“The measures taken by the Czech Republic’s government during the pandemic were good and quick, but the discipline people have shown helped with the situation as well,” says Jan Spacil, Managing Partner at Deloitte Legal in Prague. “Various other countries that didn’t work as quickly later had to impose much stricter measures.”
As a result, Spacil says, things are “getting back to normal” in the Czech Republic, but he says the strong decline of the economy is very visible. “From a statistic point of view, the situation is even worse than what pessimists thought it would be,” he says. “I think we aren’t yet able to determine the full scale of the harm the pandemic may have caused, but there is an obvious rise of unemployment, which, before this, was at a particularly low level in the Czech Republic.”
According to Spacil, only time will tell how successful the measures imposed by the country’s government to help the economy recover will turn out to be. “The current hot topic,” he says, “is companies asking for state compensation as a way to help business run. Legally, it’s a bit unclear whether if the leaders of companies be in trouble if they don’t file a complaint against the state and ask for compensation because they damaged the company in a way. If the company goes bankrupt because of it, they might be liable.”
“Recently-adopted legislation in the Czech Republic mostly focused on measures to combat and recover from COVID-19,” says Spacil. In addition, he says, multiple new laws have been drafted, despite claims by the opposition that they are aimed solely at improving the position of Prime Minister Andrej Babis. “Looking at most recent polls, it seems like people think that the biggest issue in the Czech Republic is still corruption,” Spacil sighs.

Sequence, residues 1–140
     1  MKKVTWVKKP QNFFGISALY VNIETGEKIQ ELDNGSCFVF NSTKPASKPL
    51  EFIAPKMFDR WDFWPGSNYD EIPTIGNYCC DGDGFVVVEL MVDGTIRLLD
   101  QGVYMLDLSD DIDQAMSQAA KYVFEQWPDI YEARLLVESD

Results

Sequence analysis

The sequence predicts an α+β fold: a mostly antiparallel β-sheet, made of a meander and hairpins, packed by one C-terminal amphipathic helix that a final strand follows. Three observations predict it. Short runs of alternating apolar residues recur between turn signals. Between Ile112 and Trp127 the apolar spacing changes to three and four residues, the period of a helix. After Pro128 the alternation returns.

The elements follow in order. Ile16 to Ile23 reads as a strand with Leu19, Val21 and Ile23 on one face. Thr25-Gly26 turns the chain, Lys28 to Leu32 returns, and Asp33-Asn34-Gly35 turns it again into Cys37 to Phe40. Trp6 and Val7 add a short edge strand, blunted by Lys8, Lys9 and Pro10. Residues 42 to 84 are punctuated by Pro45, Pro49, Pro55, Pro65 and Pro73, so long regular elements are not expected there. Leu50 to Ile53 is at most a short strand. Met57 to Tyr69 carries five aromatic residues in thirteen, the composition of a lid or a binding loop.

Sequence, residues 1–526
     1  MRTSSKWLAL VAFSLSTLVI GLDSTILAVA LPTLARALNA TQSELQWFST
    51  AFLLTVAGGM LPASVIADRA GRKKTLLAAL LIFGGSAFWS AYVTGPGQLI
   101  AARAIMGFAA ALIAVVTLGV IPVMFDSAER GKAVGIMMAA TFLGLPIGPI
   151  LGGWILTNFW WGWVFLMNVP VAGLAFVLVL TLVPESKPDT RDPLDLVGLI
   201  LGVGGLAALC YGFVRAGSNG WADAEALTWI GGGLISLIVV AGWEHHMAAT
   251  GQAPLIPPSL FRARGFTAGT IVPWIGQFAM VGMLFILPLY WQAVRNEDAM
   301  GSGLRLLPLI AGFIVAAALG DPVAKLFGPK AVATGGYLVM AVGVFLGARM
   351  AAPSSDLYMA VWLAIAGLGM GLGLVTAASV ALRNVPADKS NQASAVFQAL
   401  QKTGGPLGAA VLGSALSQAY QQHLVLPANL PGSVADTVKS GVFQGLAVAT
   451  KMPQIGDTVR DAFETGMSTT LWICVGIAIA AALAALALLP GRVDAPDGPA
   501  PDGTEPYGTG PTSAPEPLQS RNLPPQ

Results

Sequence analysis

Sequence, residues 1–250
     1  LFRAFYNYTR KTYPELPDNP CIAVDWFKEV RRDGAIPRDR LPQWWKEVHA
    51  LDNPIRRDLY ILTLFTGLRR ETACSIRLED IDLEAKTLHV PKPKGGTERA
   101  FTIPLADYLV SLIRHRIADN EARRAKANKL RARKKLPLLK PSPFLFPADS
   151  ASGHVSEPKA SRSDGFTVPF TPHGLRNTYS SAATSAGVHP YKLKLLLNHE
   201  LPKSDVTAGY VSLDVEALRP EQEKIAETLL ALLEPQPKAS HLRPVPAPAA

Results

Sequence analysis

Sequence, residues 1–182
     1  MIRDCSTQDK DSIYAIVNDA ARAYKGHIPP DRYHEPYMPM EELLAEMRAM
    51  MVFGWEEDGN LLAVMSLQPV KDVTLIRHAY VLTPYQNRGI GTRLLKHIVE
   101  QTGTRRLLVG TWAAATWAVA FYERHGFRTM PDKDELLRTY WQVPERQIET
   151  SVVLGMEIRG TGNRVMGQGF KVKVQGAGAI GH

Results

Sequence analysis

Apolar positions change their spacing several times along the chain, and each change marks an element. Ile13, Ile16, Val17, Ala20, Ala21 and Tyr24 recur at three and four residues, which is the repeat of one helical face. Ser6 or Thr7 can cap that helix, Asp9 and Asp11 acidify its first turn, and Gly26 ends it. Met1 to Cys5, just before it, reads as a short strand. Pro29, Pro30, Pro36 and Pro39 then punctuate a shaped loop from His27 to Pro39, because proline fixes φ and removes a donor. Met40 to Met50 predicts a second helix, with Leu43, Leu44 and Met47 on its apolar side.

Spacil describes the country’s economic dependence on its neighbors as it tries to recover from the crisis. “We are looking at the way the situation develops in Germany, as the state of their economy directly influences ours,” he says. “The automotive sector was always important there, and this dependence is visible here too, as the major car manufacturer in the Czech Republic, Skoda, is owned by Volkswagen. We don’t yet know how much they’ll be influenced. We are closely monitoring the situation, and hope for the best. Looking at the long term, this could be a problem.”
In general, though, things seem ok, at least so far. “We have not noticed any major withdrawals in investment,” he says, and most of those that started prior to the crisis are still ongoing.” Indeed, there’s reason for some optimism, he says. ”The issues with China have caused a disturbance in the supply chain and now some investors may focus more on European countries. Ultimately, the Czech Republic may benefit from this.”
And, as elsewhere, there may be positive structural changes that come from the pandemic. “The crisis accelerated a lot of great things,” Spacil says. “Several great projects were started, like digital learning programs, home working – just the digital sector improving altogether. Processes that used to take a couple of years are now quicker, and this is something that will last in the future, too.” He says, “Deloitte colleagues around the world have noticed that the crisis made us skip a couple of years, and generally led to things being done faster.”
Optimistically, Spacil concludes that, in times like these, the only way to get through is to “hope for the best, but be prepared for the worst.”